The UN Food and Agriculture Organization (FAO) report The Future of Food and Agriculture: Trends and Challenges, warns mankind’s future ability to feed itself is in jeopardy due to intensifying pressures on natural resources, mounting inequality, and the fallout from a changing climate.
It says almost one half of the forests that once covered the Earth are now gone. Groundwater sources are being depleted rapidly. Biodiversity has been deeply eroded. As a result, “planetary boundaries may well be surpassed, if current trends continue,” cautions FAO Director-General José Graziano da Silva in his introduction to the report.
The core question raised by the new FAO report is whether, looking ahead, the world’s agriculture and food systems are capable of sustainably meeting the needs of a rising global population. The answer is “Yes” The explains the planet’s food systems are capable of producing enough food to do so, and in a sustainable way, but unlocking that potential – and ensuring that all of humanity benefits – will require “Major transformations in agricultural systems, rural economies and natural resource management will be needed if we are to meet the multiple challenges before us and realize the full potential of food and agriculture to ensure a secure and healthy future for all people and the entire planet,” it says. “High-input, resource-intensive farming systems, which have caused massive deforestation, water scarcities, soil depletion and high levels of greenhouse gas emissions, cannot deliver sustainable food and agricultural production,” adds the report.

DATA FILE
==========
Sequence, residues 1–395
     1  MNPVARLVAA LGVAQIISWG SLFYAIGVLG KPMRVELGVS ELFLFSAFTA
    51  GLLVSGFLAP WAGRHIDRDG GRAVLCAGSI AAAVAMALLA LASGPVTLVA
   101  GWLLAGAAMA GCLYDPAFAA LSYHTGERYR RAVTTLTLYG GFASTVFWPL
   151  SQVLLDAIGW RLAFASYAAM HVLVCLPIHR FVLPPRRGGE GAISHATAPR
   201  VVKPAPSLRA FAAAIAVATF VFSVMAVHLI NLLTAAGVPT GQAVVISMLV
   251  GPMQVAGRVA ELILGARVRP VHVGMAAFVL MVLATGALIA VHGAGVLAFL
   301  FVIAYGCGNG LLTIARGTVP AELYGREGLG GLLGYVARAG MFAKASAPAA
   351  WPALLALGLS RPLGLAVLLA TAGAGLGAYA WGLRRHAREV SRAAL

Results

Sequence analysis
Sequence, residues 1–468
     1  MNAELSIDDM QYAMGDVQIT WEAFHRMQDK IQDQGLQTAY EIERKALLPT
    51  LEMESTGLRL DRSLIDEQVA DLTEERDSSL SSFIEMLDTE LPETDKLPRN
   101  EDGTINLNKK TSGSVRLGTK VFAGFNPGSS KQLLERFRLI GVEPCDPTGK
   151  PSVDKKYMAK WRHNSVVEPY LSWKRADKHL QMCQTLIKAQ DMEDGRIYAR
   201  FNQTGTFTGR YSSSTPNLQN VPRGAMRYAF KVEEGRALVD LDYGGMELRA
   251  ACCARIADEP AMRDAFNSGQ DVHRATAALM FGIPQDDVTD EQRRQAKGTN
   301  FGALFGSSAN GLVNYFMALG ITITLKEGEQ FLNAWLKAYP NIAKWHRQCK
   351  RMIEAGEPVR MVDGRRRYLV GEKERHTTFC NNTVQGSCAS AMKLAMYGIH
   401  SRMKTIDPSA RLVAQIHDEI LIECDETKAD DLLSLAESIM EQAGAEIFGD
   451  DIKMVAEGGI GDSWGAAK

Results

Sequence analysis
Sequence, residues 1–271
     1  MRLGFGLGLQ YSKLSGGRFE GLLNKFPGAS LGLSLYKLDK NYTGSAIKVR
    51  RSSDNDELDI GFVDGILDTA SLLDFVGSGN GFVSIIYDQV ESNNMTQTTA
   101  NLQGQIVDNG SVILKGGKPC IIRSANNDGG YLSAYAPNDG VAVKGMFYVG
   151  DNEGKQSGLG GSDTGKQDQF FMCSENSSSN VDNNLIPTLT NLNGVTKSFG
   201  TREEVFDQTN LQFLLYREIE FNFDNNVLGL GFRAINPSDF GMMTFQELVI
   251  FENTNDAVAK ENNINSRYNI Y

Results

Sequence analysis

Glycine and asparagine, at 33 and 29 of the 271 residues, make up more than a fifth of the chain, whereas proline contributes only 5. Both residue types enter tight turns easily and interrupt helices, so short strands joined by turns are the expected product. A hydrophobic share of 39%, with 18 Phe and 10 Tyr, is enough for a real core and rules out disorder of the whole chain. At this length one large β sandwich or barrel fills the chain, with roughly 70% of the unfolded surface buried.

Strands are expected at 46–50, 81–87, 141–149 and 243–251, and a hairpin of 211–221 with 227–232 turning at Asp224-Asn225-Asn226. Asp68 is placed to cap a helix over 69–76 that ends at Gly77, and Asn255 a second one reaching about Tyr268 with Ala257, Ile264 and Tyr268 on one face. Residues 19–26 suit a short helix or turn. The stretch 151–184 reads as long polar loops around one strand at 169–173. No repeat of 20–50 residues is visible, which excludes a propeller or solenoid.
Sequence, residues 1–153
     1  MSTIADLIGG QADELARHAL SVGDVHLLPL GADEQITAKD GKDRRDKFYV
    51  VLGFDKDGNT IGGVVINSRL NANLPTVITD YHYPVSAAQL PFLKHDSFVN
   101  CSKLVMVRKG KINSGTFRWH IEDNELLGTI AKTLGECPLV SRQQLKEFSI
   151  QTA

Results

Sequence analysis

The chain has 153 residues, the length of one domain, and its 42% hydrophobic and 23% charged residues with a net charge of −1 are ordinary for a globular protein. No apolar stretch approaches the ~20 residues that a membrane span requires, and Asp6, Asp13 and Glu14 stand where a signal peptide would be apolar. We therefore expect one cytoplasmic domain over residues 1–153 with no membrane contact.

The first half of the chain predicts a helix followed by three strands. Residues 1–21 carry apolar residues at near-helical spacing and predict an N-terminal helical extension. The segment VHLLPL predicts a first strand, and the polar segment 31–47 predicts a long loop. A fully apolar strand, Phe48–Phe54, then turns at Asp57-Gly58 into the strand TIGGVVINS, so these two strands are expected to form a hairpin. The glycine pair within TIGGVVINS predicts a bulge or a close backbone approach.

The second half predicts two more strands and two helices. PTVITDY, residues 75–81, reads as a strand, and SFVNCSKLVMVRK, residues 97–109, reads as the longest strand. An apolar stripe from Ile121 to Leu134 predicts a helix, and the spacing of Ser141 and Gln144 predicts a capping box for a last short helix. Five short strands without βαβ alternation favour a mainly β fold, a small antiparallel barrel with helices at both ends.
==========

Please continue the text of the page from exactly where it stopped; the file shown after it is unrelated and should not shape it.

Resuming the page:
The report emphasisesAccording to the report, without a push to invest in and re-tool food systems, far too many people will still be hungry in 2030 — the year by which the new Sustainable Development Goals (SDG) agenda has targeted the eradication of chronic food insecurity and malnutrition, the report warns.But from the past record of capitalism, we can only expect failure to achieve sustainable food production that provides for peoples' needs. Next month's issue of the Socialist Standard will go into more detail of how we can adequately feed the world.